Explaining Marketing to a Gremlin

Screen Shot 2013-01-15 at 11.37.15 PMThis week I was on a flight back to New York and when I looked out the airplane window it reminded me of a classic Twilight Zone episode: “Nightmare at 20,000 feet.” That’s the the one where William Shatner plays an airplane passenger who sees a gremlin on the wing of his plane in mid-flight. He tries to warn the flight crew about the gremlin but nobody believes his claim.

Thinking about that episode made me wonder…if there was a gremlin on the plane wing right outside my window, how I’d react.  I might explain to it what I was working on.  What would a gremlin think about marketing and our digital world?  The conversation might go something like this:

Gremlin: hey, what are you doing?

Me (after getting over the initial shock of speaking to a gremlin): Umm, I’m reviewing a marketing plan.

Gremlin: What’s marketing?

Me:  It’s what humans do to sell things to each other.

Gremlin: We’ve been observing humans for some time. Our earth scanning shows that there are massive amounts of commerce on your planet. But in recent years humans seem to be doing that more while reclining in their dwellings.

Me: Yes, we call that e-commerce.

Gremlin: What’s the “e” stand for?

Me:  Electronic. Most humans are connected through an electronic network, where they can buy things without doing it in person.

Gremlin: Not in person? So humans engage in commerce with people they do not know?

Me:  Sometimes. They also buy things from companies they know and companies they don’t know.

Gremlin: Oh yes, companies. We’ve heard of them. Wouldn’t humans be more likely to buy something from a company that they know?

Me: Yes, absolutely. That’s the value of a brand. Most companies spend lots of money to become known, so more people will buy their things.

Gremlin: what do they spend the money on?

Me: Companies spend in a lot of different ways. And these days a lot of money is spent trying to reach people who are searching for very specific things, when they are doing research or ready to buy. In fact, we use technologies like eye tracking to see what messages they are looking at and analytics to see patterns in the data. But ultimately it goes back to the brand.

Gremlin: But if humans don’t know about the brand, why would they care about the message?

Me: It’s complicated. Many people see a little bit of the message, get interested and then decide to learn more which sometimes can lead to a purchase. Or sometimes the message comes in the form of a story. Humans love stories and like brands that tell them stories they care about.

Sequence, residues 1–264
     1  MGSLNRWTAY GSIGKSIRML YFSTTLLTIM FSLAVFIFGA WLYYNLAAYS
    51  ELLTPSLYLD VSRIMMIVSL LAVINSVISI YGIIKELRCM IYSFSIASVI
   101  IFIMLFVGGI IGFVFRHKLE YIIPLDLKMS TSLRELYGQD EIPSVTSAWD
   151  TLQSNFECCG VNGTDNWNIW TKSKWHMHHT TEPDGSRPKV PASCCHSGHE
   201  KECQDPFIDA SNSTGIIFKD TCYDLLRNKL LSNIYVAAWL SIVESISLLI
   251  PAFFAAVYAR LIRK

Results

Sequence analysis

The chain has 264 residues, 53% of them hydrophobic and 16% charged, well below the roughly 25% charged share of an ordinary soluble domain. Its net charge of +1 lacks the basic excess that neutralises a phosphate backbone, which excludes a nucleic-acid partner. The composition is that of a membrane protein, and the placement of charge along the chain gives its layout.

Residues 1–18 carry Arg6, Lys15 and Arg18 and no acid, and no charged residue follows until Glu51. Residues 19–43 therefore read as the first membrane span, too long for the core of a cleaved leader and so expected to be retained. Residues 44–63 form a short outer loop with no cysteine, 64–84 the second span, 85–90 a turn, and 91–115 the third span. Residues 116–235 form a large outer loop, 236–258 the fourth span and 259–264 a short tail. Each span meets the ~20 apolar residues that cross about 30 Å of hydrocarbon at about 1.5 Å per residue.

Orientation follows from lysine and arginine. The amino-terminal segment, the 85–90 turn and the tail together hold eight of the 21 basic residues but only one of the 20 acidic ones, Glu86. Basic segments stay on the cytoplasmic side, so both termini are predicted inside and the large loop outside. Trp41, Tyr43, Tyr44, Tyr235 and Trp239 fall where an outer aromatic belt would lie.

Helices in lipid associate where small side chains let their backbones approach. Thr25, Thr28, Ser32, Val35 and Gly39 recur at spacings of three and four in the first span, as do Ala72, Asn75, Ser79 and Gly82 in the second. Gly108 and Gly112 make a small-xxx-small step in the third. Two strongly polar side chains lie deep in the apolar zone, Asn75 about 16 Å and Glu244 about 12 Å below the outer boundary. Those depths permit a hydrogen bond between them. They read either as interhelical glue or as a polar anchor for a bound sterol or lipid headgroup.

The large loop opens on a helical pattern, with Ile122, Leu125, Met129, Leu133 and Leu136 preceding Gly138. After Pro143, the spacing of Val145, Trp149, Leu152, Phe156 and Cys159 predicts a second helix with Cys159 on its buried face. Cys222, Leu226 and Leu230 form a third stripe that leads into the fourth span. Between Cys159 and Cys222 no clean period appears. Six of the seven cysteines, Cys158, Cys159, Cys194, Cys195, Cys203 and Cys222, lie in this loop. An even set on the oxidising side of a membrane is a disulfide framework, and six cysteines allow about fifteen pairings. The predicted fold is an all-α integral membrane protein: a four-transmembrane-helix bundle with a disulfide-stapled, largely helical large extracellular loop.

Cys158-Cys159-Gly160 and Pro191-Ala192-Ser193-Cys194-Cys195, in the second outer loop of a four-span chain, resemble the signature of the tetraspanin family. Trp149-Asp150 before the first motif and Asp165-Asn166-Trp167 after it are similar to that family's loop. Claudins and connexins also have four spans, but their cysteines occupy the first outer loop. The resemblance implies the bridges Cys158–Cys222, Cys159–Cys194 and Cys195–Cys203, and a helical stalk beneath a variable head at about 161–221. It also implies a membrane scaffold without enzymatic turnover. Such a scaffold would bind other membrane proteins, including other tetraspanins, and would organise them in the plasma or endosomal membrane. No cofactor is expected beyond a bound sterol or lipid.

Gremlin: telling stories to get people to pay attention sounds childish.

Me: It’s hard to explain exactly why people like certain stories and are more likely to pay attention to certain messages. But that’s part of what marketers try to do. Also,
sometimes people just like to try new things, so we try to tell the stories to the experimental ones who can influence others.

Gremlin: how do you find influential humans? The gremlin approach is to hang out on airplane wings, look for people who sit in the front of the plane and drink strange liquids from tiny bottles until they fall asleep.

Me: umm, that’s one way but there are actually special tools available to do that. It’s important to find these influencers, but they are rare. Most humans simply go about their daily business and are not that experimental or influential.

Gremlin: why don’t most humans like to try new things?

Me: people are really comfortable with their habits and routines, which makes it challenging to get them interested. But solving that challenge can be exciting, especially using that electronic network I mentioned.

Gremlin: what’s that network all about?

Me: The network connects us all, and is a place where humans learn, get entertained and communicate with each other. We also use it to share personal information and things we’ve experienced with people we barely know.

Gremlin: That sounds dumb and really impersonal.

Me: actually we call it becoming more “social.” Humans love sharing the things they think, feel and see with others — especially with people they do know. And for marketers it is becoming more popular way of getting messages to people.

Gremlin: You humans are strange. Because when gremlins are sharing things and connecting with each other, the last thing we want to do is get a message about some product.

Me (attempting to justify it all): Yes, but with humans the messages can be shown only to the people who like a product or a brand, if the marketer sets it up that way. So it can be very relevant to the person who sees the message.

Gremlin: It’s not relevant if the person is in the middle of sharing or communicating, which is what they’d rather be doing.

Me: Yes, but it gets back to the stories. A great story for a brand can entertain people, connect people and inspire people. And when that happens the brand becomes relevant and people then gravitate to their messages.

Gremlin: I suppose so but it sounds like an intrusion. If it works why doesn’t every marketer create these stories?

Me: I ask myself the same question. What would work better?

Gremlin: Why don’t marketers just tell the truth?

Me (exasperated): You better get off that wing now. We’re about to land.

3 thoughts on “Explaining Marketing to a Gremlin

  1. It’s great to know that someone else knows the classic Twilight Zone episodes.
    Rod Serling used to hang out a bar near Ithaca, and The Gremlin was one of his favorite conversation starters. This may be the first time “social networking” actially makes sense in the context of marketing. Bravo!

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